When it comes right down to defining what they are, wind chimes are classified as bells. A bell is considered a percussion device, since it must be struck somehow to create the tone sent out when the body of it vibrates. Whether it is struck by hand, by a clapper, set in motion by the wind, or moved in the age-old tradition of bell ringers, it rings out with varying degrees of volume and tone, harmonic in modern times.
If you are in the mood to make your eyes cross, you can delve into the mysteries of inharmonic (partial multiples of the fundamental frequencies) versus harmonic (whole multiples). It is however, safe to say that modern bells are harmonic, having been crafted carefully to produce a given sound or tone, generally one that needs to be adjusted during the casting. A bell that is hung “as is”, may very well chime nicely, but is still referred to as a “maiden bell”.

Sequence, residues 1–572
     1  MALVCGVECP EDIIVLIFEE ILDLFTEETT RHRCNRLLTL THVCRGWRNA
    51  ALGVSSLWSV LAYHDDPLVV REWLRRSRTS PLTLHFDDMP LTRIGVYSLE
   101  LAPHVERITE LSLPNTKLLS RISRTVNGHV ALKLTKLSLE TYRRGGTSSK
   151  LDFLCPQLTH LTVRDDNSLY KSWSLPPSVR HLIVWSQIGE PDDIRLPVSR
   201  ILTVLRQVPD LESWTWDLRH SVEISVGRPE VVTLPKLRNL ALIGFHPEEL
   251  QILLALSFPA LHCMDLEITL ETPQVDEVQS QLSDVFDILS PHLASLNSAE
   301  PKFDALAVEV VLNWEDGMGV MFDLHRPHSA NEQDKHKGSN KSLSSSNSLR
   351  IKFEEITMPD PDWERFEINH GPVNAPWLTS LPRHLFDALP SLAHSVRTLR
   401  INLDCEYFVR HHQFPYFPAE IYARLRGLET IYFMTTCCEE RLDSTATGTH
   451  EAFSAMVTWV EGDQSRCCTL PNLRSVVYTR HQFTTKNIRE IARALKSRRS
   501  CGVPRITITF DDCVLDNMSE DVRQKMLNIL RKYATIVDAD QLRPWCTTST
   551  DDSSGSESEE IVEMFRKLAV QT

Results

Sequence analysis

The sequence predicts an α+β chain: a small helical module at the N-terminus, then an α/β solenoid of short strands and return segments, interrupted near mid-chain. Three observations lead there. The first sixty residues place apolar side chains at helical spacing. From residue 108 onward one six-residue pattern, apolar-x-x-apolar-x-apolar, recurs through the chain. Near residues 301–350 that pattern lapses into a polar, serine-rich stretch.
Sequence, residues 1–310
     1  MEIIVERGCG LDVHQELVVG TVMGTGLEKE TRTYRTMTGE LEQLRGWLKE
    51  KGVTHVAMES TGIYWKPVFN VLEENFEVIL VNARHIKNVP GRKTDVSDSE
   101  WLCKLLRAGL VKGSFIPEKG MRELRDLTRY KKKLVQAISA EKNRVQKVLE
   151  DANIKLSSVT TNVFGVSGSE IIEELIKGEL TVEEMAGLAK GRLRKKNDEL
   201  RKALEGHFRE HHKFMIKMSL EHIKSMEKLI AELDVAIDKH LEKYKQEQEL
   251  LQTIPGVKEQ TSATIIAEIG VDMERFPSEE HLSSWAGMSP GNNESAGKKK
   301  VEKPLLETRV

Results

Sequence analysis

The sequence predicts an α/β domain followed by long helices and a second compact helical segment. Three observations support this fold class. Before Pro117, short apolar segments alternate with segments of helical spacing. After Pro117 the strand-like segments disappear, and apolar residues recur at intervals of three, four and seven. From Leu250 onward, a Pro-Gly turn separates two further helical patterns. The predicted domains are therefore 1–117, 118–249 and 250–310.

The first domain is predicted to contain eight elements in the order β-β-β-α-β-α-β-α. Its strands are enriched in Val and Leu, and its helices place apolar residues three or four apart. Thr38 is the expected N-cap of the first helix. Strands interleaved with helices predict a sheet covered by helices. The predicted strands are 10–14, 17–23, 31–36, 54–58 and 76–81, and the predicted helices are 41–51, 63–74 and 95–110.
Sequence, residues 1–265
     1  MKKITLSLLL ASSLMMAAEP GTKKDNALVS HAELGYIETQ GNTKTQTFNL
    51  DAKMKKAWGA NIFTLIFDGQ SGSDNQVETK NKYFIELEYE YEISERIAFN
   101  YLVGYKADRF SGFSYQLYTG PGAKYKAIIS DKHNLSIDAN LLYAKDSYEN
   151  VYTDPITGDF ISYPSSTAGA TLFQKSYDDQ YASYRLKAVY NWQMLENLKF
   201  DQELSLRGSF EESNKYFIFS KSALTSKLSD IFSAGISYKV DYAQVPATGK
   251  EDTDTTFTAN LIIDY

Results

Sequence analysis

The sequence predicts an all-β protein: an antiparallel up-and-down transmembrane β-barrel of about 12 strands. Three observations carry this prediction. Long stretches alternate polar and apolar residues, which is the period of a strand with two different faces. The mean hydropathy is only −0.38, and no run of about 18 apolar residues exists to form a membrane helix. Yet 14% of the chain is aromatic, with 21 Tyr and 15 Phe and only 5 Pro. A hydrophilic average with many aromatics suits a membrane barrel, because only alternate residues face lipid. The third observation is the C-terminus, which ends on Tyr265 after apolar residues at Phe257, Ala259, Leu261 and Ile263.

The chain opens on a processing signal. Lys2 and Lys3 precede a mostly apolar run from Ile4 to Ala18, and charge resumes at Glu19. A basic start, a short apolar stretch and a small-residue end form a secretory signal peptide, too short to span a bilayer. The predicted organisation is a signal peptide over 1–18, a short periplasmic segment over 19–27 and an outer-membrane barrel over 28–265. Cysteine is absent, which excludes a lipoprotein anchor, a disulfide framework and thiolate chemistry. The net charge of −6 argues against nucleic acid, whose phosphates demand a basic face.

Why are we talking bells you ask, when the topic is wind chimes? Because when you come right down to it, wind chimes are also bells. They are struck to make tones, and while not the traditional shape, have a history nearly as rich as that of the bell.
Imagine Man hitting his club against something…anything! And noting the sound. Somewhere along the road to civilization we found these sounds pleasing and began creating objects that would reproduce the sounds, specifically – bells. There is evidence of bell making that can be traced back to prehistoric times, with the first physical evidence of rudimentary bells dated somewhere around 3,000B.C. in the southeastern regions of Asia. Another thousand years and they had made their way through the Mediterranean and were even being cast in bronze and other materials in Egypt. China was also casting bells in bronze around the same time in 1600B.C. They were some of the first to evidence a difference in the sound, having two tones.
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